This chapter analyzes #YesAllWomen, one of the largest, most visible, feminist Twitter events of recent years. Though hashtags and other forms of digital activism are not always taken seriously as politics, in this project we investigate #YesAllWomen and its recirculation through media and public blogs, as an important instance of contemporary feminist discursive activism. Specifically, we argue that the hashtag functioned, first, as a site of collective identity for participants, and we describe some of the ways in which this identity building was achieved, and second, we argue that through its links to and recirculation by other platforms and media, #YesAllWomen also functioned as a public protest or agenda-building event with impact on public discourse beyond Twitter. Our project draws on content and discourse analysis methods to analyze the #YesAllWomen hashtag and to trace its interaction with other discourses such as news and blogs, including an automated content analysis of almost two million tweets and an analysis of a sample of 251 media and blog stories. We note that contemporary feminists are using digital media, in this case a Twitter hashtag, to achieve many of the same discursive goals of knowledge building and critique that have previously been achieved using other communications strategies such as consciousness-raising groups, publishing collectives, media strategies, and zaps.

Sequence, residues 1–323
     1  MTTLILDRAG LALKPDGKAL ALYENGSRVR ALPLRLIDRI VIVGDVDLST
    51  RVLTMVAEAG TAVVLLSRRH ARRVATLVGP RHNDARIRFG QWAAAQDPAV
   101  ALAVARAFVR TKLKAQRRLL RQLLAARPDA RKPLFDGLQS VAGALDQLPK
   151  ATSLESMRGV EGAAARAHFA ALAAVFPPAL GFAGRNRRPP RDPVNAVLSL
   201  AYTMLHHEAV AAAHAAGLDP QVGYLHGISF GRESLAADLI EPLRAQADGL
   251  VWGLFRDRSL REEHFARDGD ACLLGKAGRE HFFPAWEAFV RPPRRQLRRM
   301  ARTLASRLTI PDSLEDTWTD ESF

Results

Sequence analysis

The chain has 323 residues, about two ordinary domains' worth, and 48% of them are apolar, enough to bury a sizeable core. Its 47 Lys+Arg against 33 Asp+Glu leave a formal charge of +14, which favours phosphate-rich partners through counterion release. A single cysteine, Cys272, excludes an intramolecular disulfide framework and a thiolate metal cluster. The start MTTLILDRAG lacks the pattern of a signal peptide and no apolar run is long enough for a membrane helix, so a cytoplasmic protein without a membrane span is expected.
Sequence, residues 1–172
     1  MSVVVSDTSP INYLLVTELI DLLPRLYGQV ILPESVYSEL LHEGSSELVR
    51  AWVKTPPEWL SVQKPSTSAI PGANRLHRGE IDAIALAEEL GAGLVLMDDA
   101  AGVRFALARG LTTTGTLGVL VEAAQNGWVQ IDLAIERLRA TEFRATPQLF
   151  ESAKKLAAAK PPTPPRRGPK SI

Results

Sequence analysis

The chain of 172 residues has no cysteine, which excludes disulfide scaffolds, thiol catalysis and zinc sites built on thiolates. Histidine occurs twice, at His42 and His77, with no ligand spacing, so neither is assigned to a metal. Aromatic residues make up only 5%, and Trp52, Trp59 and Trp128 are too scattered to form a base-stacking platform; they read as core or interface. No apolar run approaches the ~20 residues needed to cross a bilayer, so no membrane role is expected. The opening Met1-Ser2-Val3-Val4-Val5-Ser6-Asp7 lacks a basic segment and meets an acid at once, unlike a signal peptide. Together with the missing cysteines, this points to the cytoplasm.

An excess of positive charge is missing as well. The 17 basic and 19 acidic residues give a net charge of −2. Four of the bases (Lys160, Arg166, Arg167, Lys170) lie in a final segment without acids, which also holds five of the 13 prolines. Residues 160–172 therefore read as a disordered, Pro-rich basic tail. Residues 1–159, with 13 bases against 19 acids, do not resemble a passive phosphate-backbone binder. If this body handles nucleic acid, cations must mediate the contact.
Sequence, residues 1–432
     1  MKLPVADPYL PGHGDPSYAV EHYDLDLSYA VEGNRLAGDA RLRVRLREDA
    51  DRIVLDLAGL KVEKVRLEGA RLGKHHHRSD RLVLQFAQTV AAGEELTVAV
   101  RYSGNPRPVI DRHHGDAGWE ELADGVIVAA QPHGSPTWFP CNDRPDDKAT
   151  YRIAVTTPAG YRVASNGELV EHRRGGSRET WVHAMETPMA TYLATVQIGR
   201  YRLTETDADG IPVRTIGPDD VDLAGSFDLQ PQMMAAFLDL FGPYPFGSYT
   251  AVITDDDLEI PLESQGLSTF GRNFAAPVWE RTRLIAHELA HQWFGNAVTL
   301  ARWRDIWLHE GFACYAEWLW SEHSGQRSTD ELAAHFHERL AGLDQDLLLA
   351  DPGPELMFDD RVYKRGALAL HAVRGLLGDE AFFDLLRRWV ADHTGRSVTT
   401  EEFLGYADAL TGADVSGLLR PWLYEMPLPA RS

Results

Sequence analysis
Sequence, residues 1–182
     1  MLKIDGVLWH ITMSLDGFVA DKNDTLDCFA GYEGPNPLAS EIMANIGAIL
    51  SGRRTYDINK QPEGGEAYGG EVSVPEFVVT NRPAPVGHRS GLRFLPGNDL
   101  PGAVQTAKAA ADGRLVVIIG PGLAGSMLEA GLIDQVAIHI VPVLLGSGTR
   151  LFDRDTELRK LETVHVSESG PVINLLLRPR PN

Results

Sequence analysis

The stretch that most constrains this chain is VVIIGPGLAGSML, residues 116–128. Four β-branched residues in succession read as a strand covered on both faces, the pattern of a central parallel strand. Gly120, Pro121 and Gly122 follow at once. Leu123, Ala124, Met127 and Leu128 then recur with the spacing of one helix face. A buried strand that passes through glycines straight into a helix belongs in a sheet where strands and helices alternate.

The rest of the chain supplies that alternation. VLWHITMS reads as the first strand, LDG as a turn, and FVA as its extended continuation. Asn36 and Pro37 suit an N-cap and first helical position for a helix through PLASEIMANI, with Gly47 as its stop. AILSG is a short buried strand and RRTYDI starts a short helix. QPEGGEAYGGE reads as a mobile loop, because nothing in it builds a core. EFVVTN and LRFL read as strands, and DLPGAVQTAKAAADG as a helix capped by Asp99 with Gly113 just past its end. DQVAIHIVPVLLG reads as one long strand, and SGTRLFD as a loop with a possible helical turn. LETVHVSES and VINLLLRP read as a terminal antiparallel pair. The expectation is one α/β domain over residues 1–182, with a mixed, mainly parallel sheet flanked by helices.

Barker-Plummer, B. and Barker-Plummer, D. (2017), "Twitter as a Feminist Resource: #YesAllWomen, Digital Platforms, and Discursive Social Change", Earl, J. and Rohlinger, D.A. (Ed.) Social Movements and Media (Studies in Media and Communications, Vol. 14), Emerald Publishing Limited, Leeds, pp. 91-118. https://doi.org/10.1108/S2050-206020170000014010
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